Now May Be A Good Time To Add Equal-Weighted ETFs To Your Portfolio

By: Andrew J. Willms, President and CEO of The Milwaukee Company

ETFs that track the S&P 500 Index and Nasdaq 100 index are an important part of many investors’ portfolios. Since their introduction in the 1990’s, these ETFs have been promoted as a simple way to passively invest in a diverse group of large U.S. companies.

However, both indexes have become increasingly focused on just a handful of stocks. More specifically, about a quarter of the SPDR S&P 500 Trust (an S&P 500-tracking ETF that trades under the ticker SPY) is invested in just 5 stocks: Facebook, Amazon, Apple, Alphabet/Google and Microsoft (the so-called “FAAMG” stocks). And if you add Tesla to the group, the 6 companies account for about half of the holdings of Invesco QQQ Trust (a Nasdaq 100 tracking ETF that trades under the ticker QQQ) of the Nasdaq 100.

The reason these indexes, and the ETFs that track them, have become so concentrated is that the indexes are market-weighted. In other words, companies with the largest market capitalizations[1] will have the greatest allocations (or weights) in the index. The tremendous growth in the market caps of Facebook, Apple, Amazon, Microsoft and Alphabet/Google during the pandemic has resulted in these 5 companies constituting a much bigger percentage of these indexes.

This has led to questions about concentration risk which refers to the possibility that poor performance by just one or two of an index’s constituents will drag the entire index down. We’ve seen an example of this during September, as a sell-off of the FAAMG stocks over high valuation fears has led to a sharp drop in the price of both QQQ and SPY. Then again, on a year-to-date basis, both the S&P 500 and the Nasdaq 100 have benefited greatly from the surge in FAAMG stocks. Year to date, 60% of the stocks in the S&P 500 had a negative return but thanks to FAAMG, the index is up approximately 4%.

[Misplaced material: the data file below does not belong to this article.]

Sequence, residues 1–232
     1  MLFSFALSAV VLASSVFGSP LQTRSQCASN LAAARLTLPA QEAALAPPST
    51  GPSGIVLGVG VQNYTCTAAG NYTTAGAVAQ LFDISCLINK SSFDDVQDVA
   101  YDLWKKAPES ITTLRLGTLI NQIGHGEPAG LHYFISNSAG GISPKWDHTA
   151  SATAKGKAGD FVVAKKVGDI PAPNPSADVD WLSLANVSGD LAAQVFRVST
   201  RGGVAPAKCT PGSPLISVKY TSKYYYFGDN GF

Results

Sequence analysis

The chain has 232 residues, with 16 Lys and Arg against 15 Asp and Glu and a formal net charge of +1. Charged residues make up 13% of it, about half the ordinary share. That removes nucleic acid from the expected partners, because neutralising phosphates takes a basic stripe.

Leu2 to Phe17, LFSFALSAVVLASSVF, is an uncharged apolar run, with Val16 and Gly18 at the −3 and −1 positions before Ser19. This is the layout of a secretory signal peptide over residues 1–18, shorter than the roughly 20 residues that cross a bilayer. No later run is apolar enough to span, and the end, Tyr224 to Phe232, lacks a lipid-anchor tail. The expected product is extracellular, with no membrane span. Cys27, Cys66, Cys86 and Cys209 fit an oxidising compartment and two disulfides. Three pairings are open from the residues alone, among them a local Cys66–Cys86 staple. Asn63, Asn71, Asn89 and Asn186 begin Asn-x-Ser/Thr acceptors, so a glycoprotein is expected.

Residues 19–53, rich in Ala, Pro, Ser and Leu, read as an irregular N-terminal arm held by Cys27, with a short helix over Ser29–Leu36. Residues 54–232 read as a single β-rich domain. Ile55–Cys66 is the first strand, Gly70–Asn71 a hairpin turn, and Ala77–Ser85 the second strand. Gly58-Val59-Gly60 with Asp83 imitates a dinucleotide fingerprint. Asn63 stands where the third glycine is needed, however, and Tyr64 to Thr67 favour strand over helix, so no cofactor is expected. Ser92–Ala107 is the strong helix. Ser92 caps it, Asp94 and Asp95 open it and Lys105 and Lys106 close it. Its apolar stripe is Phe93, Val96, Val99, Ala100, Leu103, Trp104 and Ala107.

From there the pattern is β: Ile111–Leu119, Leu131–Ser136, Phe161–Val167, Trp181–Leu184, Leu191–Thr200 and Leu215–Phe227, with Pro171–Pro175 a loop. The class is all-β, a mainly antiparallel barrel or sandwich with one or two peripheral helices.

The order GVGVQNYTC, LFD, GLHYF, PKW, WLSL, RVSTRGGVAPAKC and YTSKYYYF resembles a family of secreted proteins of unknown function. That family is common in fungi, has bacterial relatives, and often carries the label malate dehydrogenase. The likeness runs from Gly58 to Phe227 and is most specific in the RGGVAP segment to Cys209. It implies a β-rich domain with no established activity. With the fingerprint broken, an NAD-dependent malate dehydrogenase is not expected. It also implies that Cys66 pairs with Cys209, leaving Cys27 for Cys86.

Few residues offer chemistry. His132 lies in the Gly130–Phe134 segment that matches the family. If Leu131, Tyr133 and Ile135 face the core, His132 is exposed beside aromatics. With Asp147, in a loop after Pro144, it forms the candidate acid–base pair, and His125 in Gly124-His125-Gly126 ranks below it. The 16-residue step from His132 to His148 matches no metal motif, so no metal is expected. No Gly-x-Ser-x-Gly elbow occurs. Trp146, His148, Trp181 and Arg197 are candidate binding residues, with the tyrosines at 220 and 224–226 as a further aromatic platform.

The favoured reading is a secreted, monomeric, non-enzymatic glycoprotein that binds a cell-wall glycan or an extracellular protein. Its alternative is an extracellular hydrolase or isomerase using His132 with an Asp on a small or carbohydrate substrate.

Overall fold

So, one might argue that investing in the S&P 500 and the Nasdaq 100 is a good way to ride the mega-tech stock wave. But if that is the objective, then why not simply buy the FAAMG stocks? Moreover, the whole purpose for index funds has been to provide diversification, not concentration.

Investors who are looking for diversification may do well to consider rotating at least a part of their investment in market-weighted index ETFs into equal-weighted index funds. As their name implies, these funds invest an equal amount in each company included in the index, regardless of market cap. For example, an equal-weighted ETF that tracks the SPY 500 would have just 1.25% of the fund invested in Facebook, Apple, Amazon, Microsoft and Alphabet/Google combined. The result is a much more balanced exposure to the companies included in the index than their market-weighted counterparts.

There are dozens of equal-weight ETFs. One of the largest is the Guggenheim S&P 500 Equal Weight ETF (RSP), which was established in 2003. Another is First Trust Nasdaq-100 Equal Weighted Index Fund (QQEW) which started trading three years later.

A drawback to equal-weighted ETFs are their considerably higher expense ratios. Both RSP and QQEW come with an expense ratio exceeding 50 basis points (one-half of one percent). By comparison, the expense ratio of QQQ is 20 basis points, and for SPY its just 9.

One reason for equal-weight funds’ higher fees is the need for these ETFs to rebalance their holdings more frequently in order to keep the allocations to each of their components equal. Rebalancing results in equal-weighted ETFs selling ETF stocks whose prices have risen, and then adding to stocks whose prices have fallen. Equal-weight detractors describe this contrarian approach as selling winners and buying losers. Supporters say equal-weights sell high and buy low.

In short, market-weighted ETFs emphasize the stocks of companies that are trending higher. By contrast, equal-weighted ETFs are designed to provide better balance and greater exposure to less expensive stocks. Which style will perform best depends on market conditions, which is why it may make sense to invest in both.

[1] A company’s market capitalization is determined by taking the share price of its stock and multiplying it by the number of shares outstanding.


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